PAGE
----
Hawaii students embrace flexibility and change in Vietnam

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Joli Welch, a 11th grade HPA student, and 10th grade HPA student Sidney Vermeleun are assisted by a local Vietnamese teacher and translator as they teach young Vietnamese students. (COURTESY PHOTO BY MATT PIERCY)
Sidney Vermeulen observes a train creation extension activity for “The Little Engine That Could.” (COURTESY PHOTO BY MATT PIERCY)
A student works on a follow up art activity for “Rainbow Fish.” (COURTESY PHOTO BY MATT PIERCY)
A couple enjoys a sunset wedding on Thu Bon River. (COURTESY PHOTO BY MATT PIERCY)
A centuries-old merchant trade building turned restaurant reflects the sunlight in Vietnam. (COURTESY PHOTO BY MATT PIERCY)

Some say the shape of Vietnam looks like a dragon. This timeless symbol of auspicious power is as befitting today as it ever was. Though conquered more than 5,000 years ago by the Chinese, the nation historically stood up to foreign influence and continues to today. Ranking as the 13th most populous country of the world, it is officially called the Socialist Republic of Vietnam. Note, socialism as defined by Marxist theory is, “transitional social state between the overthrow of capitalism and the realization of communism.”

The dragon’s fiery breath is felt as the sun rises before 5 a.m. during the summer months and within the hour, temperatures push into the paltry 80s. One might perceive the watchful eye of the dragon as their passport is obligingly by law collected at the door, to be registered with the police. Our Hawaiian group of six came to participate in a literacy service project in the central coastal town of Hoi An. Translated, “the safe meeting place,” Hoi An’s deep history of trade is evident in the 500-year-old, dark-stained timber trade houses that line the Thu Bon River. Visited by the likes of Marco Polo, the city is steeped in a history of cultural influence. And though a return traveler may quickly note the rapidity of development, Hoi An not only embraces change but embodies it. To suit the trade, the city seemingly always has changed.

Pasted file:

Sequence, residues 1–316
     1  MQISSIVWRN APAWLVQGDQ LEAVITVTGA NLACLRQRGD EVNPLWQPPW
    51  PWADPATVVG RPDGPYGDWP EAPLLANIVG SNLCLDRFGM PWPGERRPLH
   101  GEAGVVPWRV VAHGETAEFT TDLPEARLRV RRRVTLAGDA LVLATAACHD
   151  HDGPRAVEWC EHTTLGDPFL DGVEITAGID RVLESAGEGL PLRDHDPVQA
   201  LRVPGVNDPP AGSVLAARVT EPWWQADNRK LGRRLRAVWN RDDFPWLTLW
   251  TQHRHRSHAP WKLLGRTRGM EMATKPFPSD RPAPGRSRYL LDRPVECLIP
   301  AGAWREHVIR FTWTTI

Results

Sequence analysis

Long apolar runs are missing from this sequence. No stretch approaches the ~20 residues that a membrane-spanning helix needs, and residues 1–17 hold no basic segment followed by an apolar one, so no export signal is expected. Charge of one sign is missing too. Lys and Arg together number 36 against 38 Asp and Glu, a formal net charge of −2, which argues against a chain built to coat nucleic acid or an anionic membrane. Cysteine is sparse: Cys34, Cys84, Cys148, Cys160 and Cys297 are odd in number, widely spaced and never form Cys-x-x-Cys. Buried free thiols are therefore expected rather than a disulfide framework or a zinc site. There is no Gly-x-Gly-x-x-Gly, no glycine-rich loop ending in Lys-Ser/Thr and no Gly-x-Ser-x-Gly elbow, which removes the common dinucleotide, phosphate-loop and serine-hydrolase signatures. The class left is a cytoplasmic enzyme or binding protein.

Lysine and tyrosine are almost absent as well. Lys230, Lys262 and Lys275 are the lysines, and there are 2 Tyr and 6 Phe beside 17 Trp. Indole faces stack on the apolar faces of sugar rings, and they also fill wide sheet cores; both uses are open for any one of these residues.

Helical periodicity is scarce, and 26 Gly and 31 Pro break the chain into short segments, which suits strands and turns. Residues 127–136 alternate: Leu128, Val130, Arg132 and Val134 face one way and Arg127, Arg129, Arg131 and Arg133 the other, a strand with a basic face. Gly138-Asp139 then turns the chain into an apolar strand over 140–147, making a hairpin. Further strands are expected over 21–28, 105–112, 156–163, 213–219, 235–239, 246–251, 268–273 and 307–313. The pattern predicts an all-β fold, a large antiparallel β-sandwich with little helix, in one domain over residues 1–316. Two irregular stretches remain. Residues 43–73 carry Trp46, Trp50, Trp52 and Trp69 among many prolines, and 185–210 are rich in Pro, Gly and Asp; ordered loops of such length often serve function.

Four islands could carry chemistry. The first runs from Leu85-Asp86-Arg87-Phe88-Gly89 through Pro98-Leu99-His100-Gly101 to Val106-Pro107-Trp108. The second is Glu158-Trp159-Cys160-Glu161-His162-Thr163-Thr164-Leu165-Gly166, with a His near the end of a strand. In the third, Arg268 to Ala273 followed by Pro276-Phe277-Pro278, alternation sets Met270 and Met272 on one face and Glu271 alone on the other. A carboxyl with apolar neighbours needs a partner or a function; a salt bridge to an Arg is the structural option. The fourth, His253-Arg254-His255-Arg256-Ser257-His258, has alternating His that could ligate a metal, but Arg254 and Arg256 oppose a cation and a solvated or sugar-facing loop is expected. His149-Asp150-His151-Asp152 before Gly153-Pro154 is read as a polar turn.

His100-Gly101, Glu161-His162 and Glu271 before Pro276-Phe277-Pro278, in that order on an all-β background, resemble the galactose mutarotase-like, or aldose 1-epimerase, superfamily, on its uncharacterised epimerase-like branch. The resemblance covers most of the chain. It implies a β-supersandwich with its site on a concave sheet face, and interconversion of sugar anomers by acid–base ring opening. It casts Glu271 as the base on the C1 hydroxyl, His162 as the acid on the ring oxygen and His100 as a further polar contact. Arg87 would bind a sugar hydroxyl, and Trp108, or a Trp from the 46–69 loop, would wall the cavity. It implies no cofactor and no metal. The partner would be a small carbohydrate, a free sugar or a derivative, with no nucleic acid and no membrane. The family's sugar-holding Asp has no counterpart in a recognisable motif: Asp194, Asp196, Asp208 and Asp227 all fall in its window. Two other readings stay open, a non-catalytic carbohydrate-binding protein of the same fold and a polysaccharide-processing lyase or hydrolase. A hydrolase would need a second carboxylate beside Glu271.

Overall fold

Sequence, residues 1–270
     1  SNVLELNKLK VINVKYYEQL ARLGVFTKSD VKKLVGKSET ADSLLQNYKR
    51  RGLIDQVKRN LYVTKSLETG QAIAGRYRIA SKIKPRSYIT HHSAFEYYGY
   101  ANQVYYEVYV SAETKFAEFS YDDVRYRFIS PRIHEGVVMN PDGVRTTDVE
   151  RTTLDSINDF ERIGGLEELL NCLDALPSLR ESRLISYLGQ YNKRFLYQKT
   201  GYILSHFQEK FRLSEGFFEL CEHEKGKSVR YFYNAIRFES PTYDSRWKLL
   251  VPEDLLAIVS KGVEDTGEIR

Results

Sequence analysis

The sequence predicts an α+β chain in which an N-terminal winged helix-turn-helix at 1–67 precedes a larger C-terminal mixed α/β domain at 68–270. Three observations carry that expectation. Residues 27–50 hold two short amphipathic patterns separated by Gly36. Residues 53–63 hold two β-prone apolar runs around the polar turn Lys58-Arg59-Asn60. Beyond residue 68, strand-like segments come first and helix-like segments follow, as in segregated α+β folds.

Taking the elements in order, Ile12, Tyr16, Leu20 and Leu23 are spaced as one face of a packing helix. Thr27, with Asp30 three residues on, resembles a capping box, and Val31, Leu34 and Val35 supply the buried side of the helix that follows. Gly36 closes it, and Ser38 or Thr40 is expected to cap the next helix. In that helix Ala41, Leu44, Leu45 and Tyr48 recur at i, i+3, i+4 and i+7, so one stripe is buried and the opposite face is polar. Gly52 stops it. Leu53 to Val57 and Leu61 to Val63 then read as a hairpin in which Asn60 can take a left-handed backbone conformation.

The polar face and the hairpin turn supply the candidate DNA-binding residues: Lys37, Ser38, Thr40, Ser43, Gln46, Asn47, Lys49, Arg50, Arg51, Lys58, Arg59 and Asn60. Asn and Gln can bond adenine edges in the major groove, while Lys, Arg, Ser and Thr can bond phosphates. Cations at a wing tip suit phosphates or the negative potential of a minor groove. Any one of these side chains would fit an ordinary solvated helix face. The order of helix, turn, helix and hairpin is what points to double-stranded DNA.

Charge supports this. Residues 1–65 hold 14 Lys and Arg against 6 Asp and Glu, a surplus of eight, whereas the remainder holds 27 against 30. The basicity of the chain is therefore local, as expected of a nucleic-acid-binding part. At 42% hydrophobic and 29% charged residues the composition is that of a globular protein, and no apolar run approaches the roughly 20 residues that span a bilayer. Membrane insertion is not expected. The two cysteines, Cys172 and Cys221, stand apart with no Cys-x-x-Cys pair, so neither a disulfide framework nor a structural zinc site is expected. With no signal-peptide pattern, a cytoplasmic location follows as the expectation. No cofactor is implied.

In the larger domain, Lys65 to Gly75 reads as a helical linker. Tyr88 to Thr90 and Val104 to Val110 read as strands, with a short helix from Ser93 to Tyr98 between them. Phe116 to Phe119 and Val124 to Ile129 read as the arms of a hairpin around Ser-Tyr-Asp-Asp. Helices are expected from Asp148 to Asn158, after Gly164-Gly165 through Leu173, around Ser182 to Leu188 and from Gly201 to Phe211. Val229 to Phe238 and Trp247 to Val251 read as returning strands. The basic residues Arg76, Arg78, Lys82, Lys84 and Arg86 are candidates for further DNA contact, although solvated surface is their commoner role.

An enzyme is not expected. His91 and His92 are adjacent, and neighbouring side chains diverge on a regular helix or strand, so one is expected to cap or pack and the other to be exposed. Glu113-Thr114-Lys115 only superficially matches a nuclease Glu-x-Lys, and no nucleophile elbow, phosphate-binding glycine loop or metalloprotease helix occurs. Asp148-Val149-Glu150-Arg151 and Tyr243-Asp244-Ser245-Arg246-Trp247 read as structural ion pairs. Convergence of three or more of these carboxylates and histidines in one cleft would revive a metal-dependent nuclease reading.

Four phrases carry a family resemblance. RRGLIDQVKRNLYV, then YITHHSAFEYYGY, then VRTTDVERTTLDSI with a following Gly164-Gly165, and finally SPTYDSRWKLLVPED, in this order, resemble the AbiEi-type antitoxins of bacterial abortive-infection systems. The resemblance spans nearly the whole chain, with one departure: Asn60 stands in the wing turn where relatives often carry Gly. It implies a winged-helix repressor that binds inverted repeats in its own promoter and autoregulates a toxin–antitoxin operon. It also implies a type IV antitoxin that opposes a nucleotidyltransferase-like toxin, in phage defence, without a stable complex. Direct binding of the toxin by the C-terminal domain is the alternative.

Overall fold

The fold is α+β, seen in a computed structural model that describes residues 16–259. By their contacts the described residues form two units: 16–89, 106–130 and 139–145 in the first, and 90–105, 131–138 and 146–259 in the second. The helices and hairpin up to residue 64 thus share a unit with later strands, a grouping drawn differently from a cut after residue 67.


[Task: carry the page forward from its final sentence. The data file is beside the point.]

Our first day required flexibility of our teen teachers as they were met by a change in plans. Prepared to teach approximately 100 students in the local governmental primary school, this plan no longer was permissible. GLocal Literacy Foundation partnered with the Pacific Asian Affairs Council has successfully shared in a literacy project the past three years. This year a similar itinerary was set but then, tensions rose between Vietnam and neighboring China. Vietnam has made diplomatic efforts to settle the tension, but China has kept increasing tensions in the area where an oil drilling rig and its guarding ships have been deployed illegally for over a month. Recently, Tran Duy Hai, deputy chairman of the National Border Committee under the Vietnamese Ministry of Foreign Affairs commented, “Vietnam will continue with its peaceful efforts to resolve the differences based on international law and the United Nations Charter, but the country will prepare subsequent steps to protect its legitimate rights and interests.” What did this mean to us? Cautionary reaction and a “pulling of permission” for fear that our foreign students may implant ideas that may be rooted in the very essence of what we represent - individualism and democracy at our core. Oddly enough, one student’s lesson plan centered on a book called, “The Big Orange Splat.” The synopsis of the book reads, “When Mr. Plumbeans’ house is splashed with bright orange paint, he decides a multi-colored house would be a nice change. This favorite story of creativity and individuality is back by popular demand.”

Alternative plans were arranged and lessons adapted to fit kindergarten age children. Students gladly “ran” with the changes, taking advantage of both empathatically understanding a perspective other than our own, while also also practicing the invaluable art of flexibility. An attitude that surely reflects those ideas prevalent throughout the ages in what was called the Maritime Silk Road. Following the notorious Silk Road of the land, the Marine Silk Road extended from China and Japan in the north and along the entire coast of Vietnam. After voyages lasting five months, ships would arrive in Vietnam. Stories abound of how the winds no longer blew behind the sails and men would settle down, often marrying Vietnamese women - women who for generations have played pivotal roles in business. Trade would continue on to Thailand and Myanmar, ultimately reaching as far west as India and Sri Lanka before being transported to Rome via the Mediterranean.

I’d like to think the silk threaded people and cultures together. Change inherent in the trade. And so our students will touch and be touched by whomever they teach. Yet another example of trade!